Kidney stones, one of the worst feelings you never want to experience, is on the rise, says urology expert, Dr. David Samadi. Experts suggest this increase in numbers is tied to poor nutrition, like salty processed foods and too much refined sugars. Unfortunately, the summer season is the peak months for developing kidney stones. Lots of sweating combined with dehydration allows concentrated minerals to form.
— Dr. David Samadi (@drdavidsamadi) April 5, 2018
Dr. Samadi’s video, featured on Facebook, explains how kidney stones form, making their way down the uretha and causing blockage. The expert urologist also calls for a fundamental change in the way we eat, which has a significant impact on the kidneys.
How They Form
Kidney stones form from normally dissolved components of the urine, which deposit as small crystals at first and grow into larger lumps over time. As the deposits dissolve and move down toward the bladder, the kidney stones become ureteral stones that can cause extreme pain. About ten to twenty percent of the population, in the course of lifetime, will form a kidney stone, says Dr. David Samadi. “And men are affected three times as often as women.”
Kidney stones are really a by-product of our poor nutrition, being overweight, alcohol and ingesting too much animal protein. Kidney stones are formed from ingested minerals that accumulate, especially in concentrated urine. That is why physicians advise everyone, especially those affected from kidney stones, to drink two to three liters of fluid daily – especially water – to flush out the kidneys and urinary tract regularly.
Kidney and ureteral stones can go unnoticed for a long time, says Dr. Samadi. At first, usually unproblematic smaller grains or stones are formed which, if at all, are discovered by accident during a medical examination. Only when the deposits grow into larger stones and begin to migrate in the kidney and urinary tract do they become dangerous. If larger stones enter the ureter, they can cause severe discomfort. The pain to carry kidney stone(s) down the ureter causes severe pain, which can be distributed to the genitals, thighs and groin. Dr. Samadi has remarked, the intensity of the pain can be similar to childbirth. But it can also become very dangerous.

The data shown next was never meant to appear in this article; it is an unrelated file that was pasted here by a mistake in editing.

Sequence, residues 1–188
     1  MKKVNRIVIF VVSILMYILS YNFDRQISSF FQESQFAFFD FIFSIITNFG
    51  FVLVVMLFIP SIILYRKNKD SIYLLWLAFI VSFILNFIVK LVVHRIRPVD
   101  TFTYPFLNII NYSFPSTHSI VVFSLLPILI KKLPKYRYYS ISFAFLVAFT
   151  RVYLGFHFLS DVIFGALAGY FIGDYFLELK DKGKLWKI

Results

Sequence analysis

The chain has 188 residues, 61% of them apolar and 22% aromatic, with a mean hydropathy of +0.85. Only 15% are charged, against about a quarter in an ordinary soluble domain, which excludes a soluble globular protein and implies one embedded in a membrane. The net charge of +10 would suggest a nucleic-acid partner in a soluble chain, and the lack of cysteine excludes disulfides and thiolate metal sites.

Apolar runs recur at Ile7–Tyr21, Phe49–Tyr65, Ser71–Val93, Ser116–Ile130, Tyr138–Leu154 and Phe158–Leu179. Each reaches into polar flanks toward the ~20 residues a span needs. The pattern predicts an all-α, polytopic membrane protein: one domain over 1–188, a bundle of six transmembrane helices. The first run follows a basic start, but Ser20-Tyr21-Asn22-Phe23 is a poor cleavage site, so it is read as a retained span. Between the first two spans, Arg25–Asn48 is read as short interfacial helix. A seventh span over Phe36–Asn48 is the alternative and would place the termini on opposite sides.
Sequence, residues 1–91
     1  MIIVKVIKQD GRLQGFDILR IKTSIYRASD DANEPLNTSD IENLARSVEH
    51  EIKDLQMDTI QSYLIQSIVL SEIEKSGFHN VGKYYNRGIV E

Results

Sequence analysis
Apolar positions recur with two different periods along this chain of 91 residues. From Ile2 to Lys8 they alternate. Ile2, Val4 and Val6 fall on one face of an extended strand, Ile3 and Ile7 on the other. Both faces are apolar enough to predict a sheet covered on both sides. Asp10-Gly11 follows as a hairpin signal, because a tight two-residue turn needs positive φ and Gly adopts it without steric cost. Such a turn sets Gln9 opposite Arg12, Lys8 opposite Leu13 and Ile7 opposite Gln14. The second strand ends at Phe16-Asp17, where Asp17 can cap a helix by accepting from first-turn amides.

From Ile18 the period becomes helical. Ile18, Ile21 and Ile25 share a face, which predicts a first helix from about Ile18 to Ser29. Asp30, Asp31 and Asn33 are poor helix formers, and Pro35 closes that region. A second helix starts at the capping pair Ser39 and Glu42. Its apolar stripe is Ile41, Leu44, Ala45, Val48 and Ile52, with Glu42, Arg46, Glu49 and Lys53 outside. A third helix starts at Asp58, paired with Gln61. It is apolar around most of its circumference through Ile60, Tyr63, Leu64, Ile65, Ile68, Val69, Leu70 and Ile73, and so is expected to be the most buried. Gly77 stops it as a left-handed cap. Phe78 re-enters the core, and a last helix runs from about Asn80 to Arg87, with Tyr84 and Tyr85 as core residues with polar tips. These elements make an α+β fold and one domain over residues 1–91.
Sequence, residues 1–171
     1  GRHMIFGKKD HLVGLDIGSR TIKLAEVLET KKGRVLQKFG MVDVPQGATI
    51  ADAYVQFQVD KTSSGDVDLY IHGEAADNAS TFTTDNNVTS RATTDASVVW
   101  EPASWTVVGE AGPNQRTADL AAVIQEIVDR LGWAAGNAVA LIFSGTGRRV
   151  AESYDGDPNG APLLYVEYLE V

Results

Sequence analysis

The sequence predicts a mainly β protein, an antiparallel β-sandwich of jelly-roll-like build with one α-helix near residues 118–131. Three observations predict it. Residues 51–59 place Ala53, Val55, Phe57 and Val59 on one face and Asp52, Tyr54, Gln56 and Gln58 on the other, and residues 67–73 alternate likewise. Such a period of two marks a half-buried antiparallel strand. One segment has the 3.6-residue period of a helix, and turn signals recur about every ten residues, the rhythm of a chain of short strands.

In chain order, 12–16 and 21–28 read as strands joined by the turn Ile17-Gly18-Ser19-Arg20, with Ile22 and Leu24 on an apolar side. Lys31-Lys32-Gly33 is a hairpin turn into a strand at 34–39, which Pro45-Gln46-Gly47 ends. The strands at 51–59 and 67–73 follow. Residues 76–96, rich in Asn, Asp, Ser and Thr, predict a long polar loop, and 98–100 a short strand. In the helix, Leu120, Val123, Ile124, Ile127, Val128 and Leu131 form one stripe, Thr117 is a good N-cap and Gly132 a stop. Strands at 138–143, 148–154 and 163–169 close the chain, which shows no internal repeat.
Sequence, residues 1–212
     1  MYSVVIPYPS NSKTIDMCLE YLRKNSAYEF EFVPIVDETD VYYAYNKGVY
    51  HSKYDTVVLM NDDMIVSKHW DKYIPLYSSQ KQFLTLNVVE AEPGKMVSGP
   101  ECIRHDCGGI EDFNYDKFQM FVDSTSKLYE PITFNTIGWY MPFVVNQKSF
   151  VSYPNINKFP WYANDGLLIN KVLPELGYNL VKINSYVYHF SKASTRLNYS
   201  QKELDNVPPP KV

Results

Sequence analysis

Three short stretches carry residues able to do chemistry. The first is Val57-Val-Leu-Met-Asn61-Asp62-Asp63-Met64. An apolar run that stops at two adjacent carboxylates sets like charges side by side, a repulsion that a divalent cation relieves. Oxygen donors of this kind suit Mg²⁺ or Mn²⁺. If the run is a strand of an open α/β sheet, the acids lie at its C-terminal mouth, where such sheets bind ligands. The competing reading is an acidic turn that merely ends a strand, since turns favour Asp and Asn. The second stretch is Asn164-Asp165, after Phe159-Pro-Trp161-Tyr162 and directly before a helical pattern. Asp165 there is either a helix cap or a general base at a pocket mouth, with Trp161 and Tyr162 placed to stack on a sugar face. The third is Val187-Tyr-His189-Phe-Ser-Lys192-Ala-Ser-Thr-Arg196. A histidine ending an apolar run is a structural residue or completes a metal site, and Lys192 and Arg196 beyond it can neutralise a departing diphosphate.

If a stone clogs the ureter and prevents the urine from draining away, it can happen that the urine, which is accumulated in the kidney, causes bacteria to enter the bloodstream, called Urosepsis. According to Dr. Samadi, with the rise in kidney stone patients, it makes sense that people pay more attention to their diets. Animal protein and fat should be consumed only moderately, and everyone should drink at least two liters of water a day.
With more than 20 years of medical experience, Dr. David Samadi is considered an international authority in urological medicine. He is Chairman of Urology at Lenox Hill Hospital, as well as Chief of Robotic Surgery, and has been an active teacher to incoming residents. Dr. Samadi completed his medical and urology residency at Montifiore and Albert Einstein Hospitals, then an oncology fellowship at Memorial Sloan Kettering Cancer Center.
He is also a Fox News medical correspondent, and has his own show that airs on Sundays, “Sunday Housecall.” You can learn more about urological disorders, and keep up to date with the latest developments on Dr. Samadi TV, or his Prostate Cancer 911 website.
Dr. David Samadi’s Facebook Page: www.facebook.com/DrDavidSamadi/